After Al's latest would-be star player (Michael Rapaport) suffers a humiliating and very public bout of stage fright at Yankee Stadium, Al is fired from the Major Leagues and for some reason sent to Mexico. There, Al encounters Steve Nebraska -- who might act like he has an IQ of about 6, but he sure can play baseball!
Al tries to find out more about Steve's past, but Steve "doesn't like to be asked questions." Nevertheless, Al guarantees Steve that he can make him a New York Yankee, and convinces him that he'll earn millions of dollars. Steve agrees to fly back to New York, live with Al, and do everything Al says (show off his baseball-playing skills for the other scouts, talk to the press, etc.) to embrace his role as the "greatest baseball player in the world."
Sure enough, Steve turns out to be worth millions, and is snapped up by the Yankees -- with a couple of conditions. One: he'll make his pitching debut with the Yankees at the World Series only if they happen to actually make it to the World Series (otherwise, he'll have to wait until the following year). Two: Al must provide a signed letter from a psychiatrist or psychologist ensuring that Steve is mentally stable enough to play professional baseball -- and won't run away or "throw up" like Al's last discovery.
At this point, it's already clear that Steve has his fair share of issues (hinted at during the flight to New York when he loudly and "obliviously" -- and badly -- sings along to "Do You Know the Way to San José"; and made all the more evident from his angry reaction to one too many photographers snapping his picture at a press conference). Still, Al finds the number of a psychiatrist named "H. Aaron" in the phone book (H. Aaron -- just like Hank Aaron!) and decides that it must be a sign.
Dr. H. Aaron turns out to be a woman (played by Dianne Wiest); but Al doesn't care -- he just wants to get that letter and get out of there! She agrees to see Al and Steve that day. Unfortunately for Al's sake, after Dr. Aaron talks with Steve and shows him a few drawings, Steve's responses concern her (he can't even identify a drawing of a father and son fishing as father and son! gasp!) and she determines that Steve is "disconnected." She initially refuses to write the letter vouching for Steve's sanity; however, they manage to work out a deal: Al will bring Steve to visit her every day, and, in turn, she'll provide the requested letter.
Eventually, Steve starts to make progress during his (offscreen) visits to Dr. Aaron -- who later reveals to Al that Steve had an abusive father (so Al had better watch out, because Steve already sees him as a father figure and might one day snap and try to kill him!).
But as the World Series approaches -- and it's determined that the Yankees will, in fact, play in it; and Steve will, in fact, pitch -- Steve continues to act alternately like a 5-year-old, a ticking time bomb with anger issues, and a generally socially awkward individual (he even "steals" Tony Bennett's final number one night at a Tony Bennett concert that Steve and Al randomly go to with some of their pals! Apparently, Steve loves the Great American Songbook?) It's quite evident that Steve Nebraska is... not ready to play professional baseball. Dr. Aaron is VERY concerned, and tries to warn Al -- to no avail.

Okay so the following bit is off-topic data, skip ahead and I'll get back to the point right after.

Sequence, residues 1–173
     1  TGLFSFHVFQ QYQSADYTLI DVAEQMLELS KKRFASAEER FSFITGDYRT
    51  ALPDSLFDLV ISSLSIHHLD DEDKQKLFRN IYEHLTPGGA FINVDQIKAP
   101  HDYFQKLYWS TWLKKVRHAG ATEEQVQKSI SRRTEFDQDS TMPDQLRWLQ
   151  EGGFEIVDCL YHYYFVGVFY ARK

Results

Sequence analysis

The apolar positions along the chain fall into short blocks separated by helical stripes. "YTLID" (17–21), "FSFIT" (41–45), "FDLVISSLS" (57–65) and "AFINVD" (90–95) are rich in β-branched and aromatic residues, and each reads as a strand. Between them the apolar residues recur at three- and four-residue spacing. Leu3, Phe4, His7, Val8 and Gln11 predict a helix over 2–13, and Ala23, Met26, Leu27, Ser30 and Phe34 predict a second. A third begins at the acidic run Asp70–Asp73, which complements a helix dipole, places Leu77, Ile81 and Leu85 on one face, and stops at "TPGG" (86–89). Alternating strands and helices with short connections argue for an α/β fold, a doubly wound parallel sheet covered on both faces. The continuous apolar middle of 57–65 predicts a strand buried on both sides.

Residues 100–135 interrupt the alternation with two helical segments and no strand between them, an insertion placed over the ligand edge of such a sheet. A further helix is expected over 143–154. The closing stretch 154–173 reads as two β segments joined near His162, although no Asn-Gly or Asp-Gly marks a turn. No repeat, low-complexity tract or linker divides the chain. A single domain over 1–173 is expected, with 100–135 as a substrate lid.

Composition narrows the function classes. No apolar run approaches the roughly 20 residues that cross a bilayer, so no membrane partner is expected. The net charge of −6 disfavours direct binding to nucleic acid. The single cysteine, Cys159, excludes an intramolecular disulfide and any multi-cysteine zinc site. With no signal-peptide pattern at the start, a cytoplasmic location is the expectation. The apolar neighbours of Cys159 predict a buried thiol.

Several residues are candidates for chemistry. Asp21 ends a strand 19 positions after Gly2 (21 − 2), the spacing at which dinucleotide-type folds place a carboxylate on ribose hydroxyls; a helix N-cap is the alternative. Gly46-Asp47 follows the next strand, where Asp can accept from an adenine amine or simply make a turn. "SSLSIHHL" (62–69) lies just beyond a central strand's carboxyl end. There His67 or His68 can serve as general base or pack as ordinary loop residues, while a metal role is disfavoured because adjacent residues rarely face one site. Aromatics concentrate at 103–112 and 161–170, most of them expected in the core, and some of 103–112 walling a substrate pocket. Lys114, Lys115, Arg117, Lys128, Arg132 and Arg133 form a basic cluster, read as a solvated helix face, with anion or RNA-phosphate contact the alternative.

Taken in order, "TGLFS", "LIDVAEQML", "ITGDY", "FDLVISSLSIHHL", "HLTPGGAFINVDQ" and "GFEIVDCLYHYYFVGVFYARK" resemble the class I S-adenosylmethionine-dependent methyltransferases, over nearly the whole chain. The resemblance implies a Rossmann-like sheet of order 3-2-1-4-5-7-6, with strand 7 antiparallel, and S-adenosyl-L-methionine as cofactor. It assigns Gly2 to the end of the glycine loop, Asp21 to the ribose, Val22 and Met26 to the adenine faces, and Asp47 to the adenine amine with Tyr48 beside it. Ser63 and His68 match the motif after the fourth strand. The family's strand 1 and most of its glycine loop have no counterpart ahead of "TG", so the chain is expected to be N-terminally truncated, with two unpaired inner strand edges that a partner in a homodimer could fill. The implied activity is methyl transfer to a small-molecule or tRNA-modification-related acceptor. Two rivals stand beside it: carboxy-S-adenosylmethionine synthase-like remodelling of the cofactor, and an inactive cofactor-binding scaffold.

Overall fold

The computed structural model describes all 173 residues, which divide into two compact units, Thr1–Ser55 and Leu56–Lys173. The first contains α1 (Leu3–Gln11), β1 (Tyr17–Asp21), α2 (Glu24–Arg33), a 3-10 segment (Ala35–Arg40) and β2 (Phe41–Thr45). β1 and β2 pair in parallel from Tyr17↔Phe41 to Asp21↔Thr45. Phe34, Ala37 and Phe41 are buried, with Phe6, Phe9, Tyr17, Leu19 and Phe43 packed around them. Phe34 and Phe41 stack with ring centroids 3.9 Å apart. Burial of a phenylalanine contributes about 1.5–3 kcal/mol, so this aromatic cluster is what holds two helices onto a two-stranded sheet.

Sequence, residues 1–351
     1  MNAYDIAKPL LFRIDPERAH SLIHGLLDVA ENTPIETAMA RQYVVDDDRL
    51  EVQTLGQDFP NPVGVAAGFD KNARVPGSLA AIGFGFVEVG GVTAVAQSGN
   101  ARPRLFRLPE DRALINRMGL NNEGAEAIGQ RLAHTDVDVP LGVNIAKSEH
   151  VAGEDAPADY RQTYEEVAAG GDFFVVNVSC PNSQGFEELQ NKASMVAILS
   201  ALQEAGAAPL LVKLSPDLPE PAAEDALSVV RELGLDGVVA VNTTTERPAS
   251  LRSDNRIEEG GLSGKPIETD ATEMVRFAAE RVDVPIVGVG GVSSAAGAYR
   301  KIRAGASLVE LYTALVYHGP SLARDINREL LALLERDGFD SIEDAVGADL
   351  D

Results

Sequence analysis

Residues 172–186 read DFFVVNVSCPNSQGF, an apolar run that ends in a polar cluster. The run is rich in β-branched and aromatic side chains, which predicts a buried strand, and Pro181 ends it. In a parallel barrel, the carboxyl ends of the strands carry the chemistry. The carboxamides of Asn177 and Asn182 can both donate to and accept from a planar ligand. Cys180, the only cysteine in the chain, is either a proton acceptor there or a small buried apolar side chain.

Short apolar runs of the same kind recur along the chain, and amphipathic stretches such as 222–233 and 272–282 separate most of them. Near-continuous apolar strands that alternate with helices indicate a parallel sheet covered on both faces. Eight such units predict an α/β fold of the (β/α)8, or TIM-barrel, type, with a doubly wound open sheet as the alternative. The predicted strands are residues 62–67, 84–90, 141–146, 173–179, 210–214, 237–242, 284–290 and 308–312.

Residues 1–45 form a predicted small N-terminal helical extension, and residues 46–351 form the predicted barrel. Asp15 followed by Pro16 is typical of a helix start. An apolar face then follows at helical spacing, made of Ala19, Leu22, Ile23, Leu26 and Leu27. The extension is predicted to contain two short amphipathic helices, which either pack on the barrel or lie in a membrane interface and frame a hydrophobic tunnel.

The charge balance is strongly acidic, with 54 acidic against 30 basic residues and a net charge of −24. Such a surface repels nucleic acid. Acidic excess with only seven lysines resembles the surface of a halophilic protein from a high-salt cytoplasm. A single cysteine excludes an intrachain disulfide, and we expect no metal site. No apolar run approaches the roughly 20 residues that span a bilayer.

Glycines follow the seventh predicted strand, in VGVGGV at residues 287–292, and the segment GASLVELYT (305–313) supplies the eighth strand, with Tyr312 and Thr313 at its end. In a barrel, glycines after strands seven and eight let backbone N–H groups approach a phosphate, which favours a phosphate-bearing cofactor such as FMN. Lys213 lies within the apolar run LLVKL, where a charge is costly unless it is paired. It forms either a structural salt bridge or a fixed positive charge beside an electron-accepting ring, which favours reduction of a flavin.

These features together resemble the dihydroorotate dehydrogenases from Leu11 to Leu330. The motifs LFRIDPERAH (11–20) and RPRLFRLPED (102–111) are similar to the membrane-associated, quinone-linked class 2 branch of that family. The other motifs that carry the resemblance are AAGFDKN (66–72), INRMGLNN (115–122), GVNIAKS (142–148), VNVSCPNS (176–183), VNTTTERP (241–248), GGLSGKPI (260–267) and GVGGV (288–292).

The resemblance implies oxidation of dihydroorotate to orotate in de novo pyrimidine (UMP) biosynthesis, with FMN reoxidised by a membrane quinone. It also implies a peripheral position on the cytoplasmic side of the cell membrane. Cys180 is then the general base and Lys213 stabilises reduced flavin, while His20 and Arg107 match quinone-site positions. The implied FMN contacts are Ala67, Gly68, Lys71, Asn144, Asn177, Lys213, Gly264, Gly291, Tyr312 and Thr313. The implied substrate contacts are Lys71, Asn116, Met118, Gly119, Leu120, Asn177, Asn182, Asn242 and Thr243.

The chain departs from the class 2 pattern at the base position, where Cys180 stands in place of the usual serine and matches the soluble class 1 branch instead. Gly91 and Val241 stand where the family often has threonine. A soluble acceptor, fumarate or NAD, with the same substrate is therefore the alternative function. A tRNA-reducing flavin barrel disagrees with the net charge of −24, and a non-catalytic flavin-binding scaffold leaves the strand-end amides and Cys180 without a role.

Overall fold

The night of Steve's pitching debut arrives, and he manages to make it out onto the field (after much nervous stalling). But then, who should Steve encounter? None other than Tony Bennett, who happens to be singing the National Anthem. On his way to the microphone, Tony stops to sneer at Steve, "Are you going to steal this one, too?" (Ha!) This proves to be the final straw for poor, pressured Steve -- and (never mind that the World Series is about to start) he leaves the field to "get some fresh air"... on the roof of the stadium.
After Al spots Steve up on the roof, he makes his way up there himself. A dramatic confrontation ensues: Al yells that he doesn't care what's going on in Steve's head; Steve threatens to throw Al off the roof; Al yells "Go ahead!" -- then Al suddenly changes his tune and says that Steve doesn't have to pitch, after all, and it doesn't matter because Al is just a failure. Steve is all, "No, Al! You're like a dad to me!" Al, in turn, assures Steve that he's not mad at him, and that he'll still be his friend; later, they can even do laundry together (Steve loves to do laundry). Somehow, all of this convinces Steve to change his mind and he rides down to the field in a helicopter to play ball, ending the movie on a happy note (after Steve makes an annoying "Tarzan" yell out on the field -- maybe this role helped Fraser land 'George of the Jungle' a few years later?).
Yes, in many ways 'The Scout' is as silly as it sounds. It also takes awhile to pick up; I like Michael Rapaport well enough as an actor, but he seems a bit miscast in this film (as Al's original discovery), so the early scenes with his character didn't do much for me. (In fact, I didn't become fully invested in the movie until after Al and Steve flew back to New York.)
However, Brooks, Wiest, and Fraser are all good in their respective roles (even if "Steve Nebraska" irritates in some of his goofier scenes, Fraser more or less manages to pull off the "emotional" ones; and the climactic scene between Fraser and Brooks is surprisingly effective. Fraser is certainly more believable as a "crazy" guy here than in the dreadful 'The Passion of Darkly Noon', which came along a year after this movie.)
Is 'The Scout' a great baseball film? (Or even realistic?) Probably not -- but what I know about baseball couldn't even fill a thimble, so I'm not really sure.
I'm not even really sure if 'The Scout' is intended to be a comedy or a drama, or what; regardless, despite the slow beginning and handful of scenes that made me roll my eyes pretty hard, the movie definitely has a strange sort of appeal and is worth a watch if you haven't yet seen it. (6/10)